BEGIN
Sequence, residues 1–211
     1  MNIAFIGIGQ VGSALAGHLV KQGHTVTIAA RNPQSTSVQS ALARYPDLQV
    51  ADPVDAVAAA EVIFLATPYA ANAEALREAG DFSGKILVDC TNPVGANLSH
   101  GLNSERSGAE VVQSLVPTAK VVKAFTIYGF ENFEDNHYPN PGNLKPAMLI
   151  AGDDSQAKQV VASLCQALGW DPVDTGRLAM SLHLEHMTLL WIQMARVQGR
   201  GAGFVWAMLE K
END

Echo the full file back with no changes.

Sequence, residues 1–211
     1  MNIAFIGIGQ VGSALAGHLV KQGHTVTIAA RNPQSTSVQS ALARYPDLQV
    51  ADPVDAVAAA EVIFLATPYA ANAEALREAG DFSGKILVDC TNPVGANLSH
   101  GLNSERSGAE VVQSLVPTAK VVKAFTIYGF ENFEDNHYPN PGNLKPAMLI
   151  AGDDSQAKQV VASLCQALGW DPVDTGRLAM SLHLEHMTLL WIQMARVQGR
   201  GAGFVWAMLE K